Seed drill at Witham-Gellatly

Seeding the Prairies – Part 2

The Institute for Applied Ecology (IAE) is collaborating with Oregon Department of Transportation (ODOT) to restore their 20 acre Witham-Gellatly property near Philomath. Restoration at the upland prairie will mitigate for incidental impacts to Kincaid’s lupine (Lupinus oreganus) and Fender’s blue butterfly (Icaricia icarioides fenderi) during routine road maintenance activities, as outlined in ODOT’s Statewide Habitat Conservation Plan.
Witham-Gellatly was intensively grazed by cattle for many years and was dominated by non-native annual grasses and weedy flowering plants. However, there are small remnant patches of the threatened Kincaid’s lupine, as well as a few other native forbs.

A remnant population of Kincaid's lupine is at Witham-Gellatly

A remnant population of Kincaid's lupine is at Witham-Gellatly.

Small patches of ookow and narrowleaf mule's ears make a nice show in spring.

Small patches of ookow (Dichelostema congestum) and narrowleaf mule's ears (Wyethia angustifolia) make a nice show in spring.

Three years of site preparation included mowing, prescribed fire and herbicide treatments.

Prescribed fire conducted by Oregon Department of Forestry at Witham-Gellatly in October 2014

A prescribed fire, conducted by Oregon Department of Forestry in October 2014, helped reduce weedy thatch.

Andy Neill, IAE's restoration technician, mowing a grassy gully

Andy Neill, IAE's restoration technician, mowing a grassy gully in July 2015.

In mid-November Zac Hales from ODOT sowed native seed with a Dew Drop Drill towed behind an ATV. Steep ground and gullies were seeded by hand by Peter Moore, one of IAE’s Restoration Ecologists.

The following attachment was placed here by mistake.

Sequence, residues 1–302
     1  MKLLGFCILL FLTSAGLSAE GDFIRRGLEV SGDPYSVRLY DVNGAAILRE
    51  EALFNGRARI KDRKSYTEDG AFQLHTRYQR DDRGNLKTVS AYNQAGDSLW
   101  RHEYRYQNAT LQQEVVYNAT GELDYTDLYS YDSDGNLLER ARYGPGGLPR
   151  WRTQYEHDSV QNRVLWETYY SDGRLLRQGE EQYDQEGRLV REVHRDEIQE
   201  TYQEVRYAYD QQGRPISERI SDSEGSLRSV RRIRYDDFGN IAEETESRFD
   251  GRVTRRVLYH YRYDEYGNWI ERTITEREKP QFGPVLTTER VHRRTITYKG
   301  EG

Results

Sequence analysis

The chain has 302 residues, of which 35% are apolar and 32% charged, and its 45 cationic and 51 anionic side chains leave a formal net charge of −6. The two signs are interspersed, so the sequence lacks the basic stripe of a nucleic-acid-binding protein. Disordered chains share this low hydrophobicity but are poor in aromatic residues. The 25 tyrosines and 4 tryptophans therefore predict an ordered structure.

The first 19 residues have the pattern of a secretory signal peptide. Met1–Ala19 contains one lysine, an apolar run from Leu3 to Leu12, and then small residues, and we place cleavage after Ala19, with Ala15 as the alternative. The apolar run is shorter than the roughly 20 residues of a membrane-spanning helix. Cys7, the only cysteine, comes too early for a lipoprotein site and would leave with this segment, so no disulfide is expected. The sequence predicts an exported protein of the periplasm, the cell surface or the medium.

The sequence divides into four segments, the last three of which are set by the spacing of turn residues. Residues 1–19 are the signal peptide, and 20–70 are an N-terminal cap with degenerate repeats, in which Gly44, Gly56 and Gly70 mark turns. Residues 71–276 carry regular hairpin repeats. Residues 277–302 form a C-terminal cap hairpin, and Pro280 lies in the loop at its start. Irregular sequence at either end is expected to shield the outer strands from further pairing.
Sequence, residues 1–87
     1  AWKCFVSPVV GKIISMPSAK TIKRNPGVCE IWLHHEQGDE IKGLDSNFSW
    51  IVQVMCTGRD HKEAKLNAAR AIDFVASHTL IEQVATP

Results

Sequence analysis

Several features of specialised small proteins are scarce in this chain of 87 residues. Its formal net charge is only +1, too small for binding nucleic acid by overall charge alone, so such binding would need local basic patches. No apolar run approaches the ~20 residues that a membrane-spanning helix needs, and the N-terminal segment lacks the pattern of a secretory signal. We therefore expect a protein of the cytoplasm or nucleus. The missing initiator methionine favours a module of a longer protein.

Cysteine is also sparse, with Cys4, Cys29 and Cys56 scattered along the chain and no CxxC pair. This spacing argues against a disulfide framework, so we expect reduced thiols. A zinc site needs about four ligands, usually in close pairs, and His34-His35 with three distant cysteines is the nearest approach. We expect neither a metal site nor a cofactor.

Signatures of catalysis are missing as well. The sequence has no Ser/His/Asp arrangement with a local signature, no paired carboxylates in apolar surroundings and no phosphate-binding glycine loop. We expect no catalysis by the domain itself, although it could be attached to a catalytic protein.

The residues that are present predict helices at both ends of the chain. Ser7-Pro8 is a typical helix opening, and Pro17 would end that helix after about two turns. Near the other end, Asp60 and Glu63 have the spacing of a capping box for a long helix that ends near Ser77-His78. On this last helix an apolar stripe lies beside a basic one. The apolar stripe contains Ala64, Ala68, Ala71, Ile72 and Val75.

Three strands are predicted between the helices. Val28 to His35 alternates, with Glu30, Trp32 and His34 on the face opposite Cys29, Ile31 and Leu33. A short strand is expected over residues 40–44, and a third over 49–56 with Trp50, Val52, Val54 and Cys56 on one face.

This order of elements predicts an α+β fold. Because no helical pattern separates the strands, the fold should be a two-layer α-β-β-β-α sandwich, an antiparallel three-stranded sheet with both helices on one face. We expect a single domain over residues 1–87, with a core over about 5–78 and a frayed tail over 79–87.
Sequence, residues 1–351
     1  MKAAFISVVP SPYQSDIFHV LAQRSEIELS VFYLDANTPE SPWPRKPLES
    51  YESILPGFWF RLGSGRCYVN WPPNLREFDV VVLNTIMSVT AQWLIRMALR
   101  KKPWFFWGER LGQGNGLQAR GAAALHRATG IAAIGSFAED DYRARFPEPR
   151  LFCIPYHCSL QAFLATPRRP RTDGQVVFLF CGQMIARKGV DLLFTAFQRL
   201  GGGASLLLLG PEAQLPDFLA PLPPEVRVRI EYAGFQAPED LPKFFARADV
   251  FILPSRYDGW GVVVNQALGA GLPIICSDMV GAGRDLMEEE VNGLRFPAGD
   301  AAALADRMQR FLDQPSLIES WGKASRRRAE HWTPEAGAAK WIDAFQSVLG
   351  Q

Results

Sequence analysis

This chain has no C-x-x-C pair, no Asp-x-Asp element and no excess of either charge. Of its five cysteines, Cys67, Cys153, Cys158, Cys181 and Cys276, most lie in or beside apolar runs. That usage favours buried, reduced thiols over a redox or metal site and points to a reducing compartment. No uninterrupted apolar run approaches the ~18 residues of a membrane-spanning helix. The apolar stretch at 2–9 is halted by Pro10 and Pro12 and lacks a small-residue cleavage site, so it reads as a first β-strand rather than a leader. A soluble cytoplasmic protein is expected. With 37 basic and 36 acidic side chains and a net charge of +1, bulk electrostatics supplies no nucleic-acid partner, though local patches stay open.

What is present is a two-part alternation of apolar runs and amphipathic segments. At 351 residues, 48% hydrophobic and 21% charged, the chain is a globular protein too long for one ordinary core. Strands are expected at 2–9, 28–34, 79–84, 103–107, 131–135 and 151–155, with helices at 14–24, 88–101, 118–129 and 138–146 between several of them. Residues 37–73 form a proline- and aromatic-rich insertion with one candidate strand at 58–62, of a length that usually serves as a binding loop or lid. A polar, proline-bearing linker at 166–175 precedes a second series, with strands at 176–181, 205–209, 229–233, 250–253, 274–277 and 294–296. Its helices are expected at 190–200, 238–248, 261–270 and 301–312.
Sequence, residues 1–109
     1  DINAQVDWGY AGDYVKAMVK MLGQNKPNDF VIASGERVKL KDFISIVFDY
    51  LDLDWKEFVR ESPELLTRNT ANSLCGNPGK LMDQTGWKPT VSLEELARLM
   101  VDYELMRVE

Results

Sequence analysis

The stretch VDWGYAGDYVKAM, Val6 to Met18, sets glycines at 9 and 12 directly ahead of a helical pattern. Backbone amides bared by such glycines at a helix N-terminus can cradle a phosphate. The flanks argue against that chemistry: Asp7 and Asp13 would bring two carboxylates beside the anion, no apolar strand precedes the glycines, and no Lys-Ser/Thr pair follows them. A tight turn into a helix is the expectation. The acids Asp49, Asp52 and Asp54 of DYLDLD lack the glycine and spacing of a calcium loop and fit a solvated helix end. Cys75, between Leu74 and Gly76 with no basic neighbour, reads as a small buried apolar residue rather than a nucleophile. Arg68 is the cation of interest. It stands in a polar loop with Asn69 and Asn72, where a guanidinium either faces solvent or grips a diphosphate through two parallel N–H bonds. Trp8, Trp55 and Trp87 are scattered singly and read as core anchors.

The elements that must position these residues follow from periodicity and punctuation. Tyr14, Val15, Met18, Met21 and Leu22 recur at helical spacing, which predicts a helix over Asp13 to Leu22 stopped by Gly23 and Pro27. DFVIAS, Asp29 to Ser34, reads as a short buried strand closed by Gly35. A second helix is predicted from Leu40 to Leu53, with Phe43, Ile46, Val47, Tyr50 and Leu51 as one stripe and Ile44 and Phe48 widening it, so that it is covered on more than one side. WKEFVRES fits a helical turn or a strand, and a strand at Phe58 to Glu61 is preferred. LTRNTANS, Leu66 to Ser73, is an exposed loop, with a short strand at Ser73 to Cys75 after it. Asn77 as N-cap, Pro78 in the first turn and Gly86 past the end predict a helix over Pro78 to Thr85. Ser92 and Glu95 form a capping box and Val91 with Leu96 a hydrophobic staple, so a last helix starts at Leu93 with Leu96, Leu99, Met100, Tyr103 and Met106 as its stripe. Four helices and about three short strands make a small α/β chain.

Dew drop drill at Witham-Gellatly, November 2015

Dew drop drill at Witham-Gellatly, November 2015. Small disks lightly till the soil while seed is dropped from a hopper at a measured rate.

Zac Hales of Oregon Department of Transportation with the Dew Drop Drill

Zac Hales of ODOT with the ATV and the Dew Drop Drill.

Seventeen species of native forbs, including toughleaf iris (Iris tenax), dwarf checkerbloom (Sidalcea virgata), and grand collomia (Collomia grandiflora), were included in the mix, along with Roemer's fescue (Festuca roemeri) and a few sedges and rushes. Follow-up seeding in 2016 will establish more forbs and other native grasses. Seed for the project came from nurseries such as Heritage Seedlings, Pacific Northwest Natives and the Corvallis Plant Materials Center (Natural Resources Conservation Service).

Seeds of native plants come in all shapes, sizes and colors.  These forb seeds make for a colorful palette, and are seen here prior to mixing before adding to the seed drill.

Seeds of native plants come in all shapes, sizes and colors. The pictured forb seeds make for a colorful palette as they are mixed before adding to the drill.

Peter Moore adding seed to the drill hopper

Peter Moore adding seed to the drill hopper

Upland prairie at Witham-Gellatly after sowing

The upland prairie at Witham-Gellatly after sowing.

Peter also set up plots to compare the success of planting Kincaid’s lupine seed or plugs, to help with more widespread planting of the lupine in 2016.

Plots were set up to compare the success of planting Kincaid’s lupine seed or plugs. The results will help plan for a more widespread planting of lupine in 2016.

Ultimately, we hope that Fender’s blue butterfly will be attracted to Witham-Gellatly by the presence of Kincaid’s lupine, their primary larval host plant, as well as an abundance of nectar-producing plants.
Posted in Habitat Restoration Program, IAE, Uncategorized.

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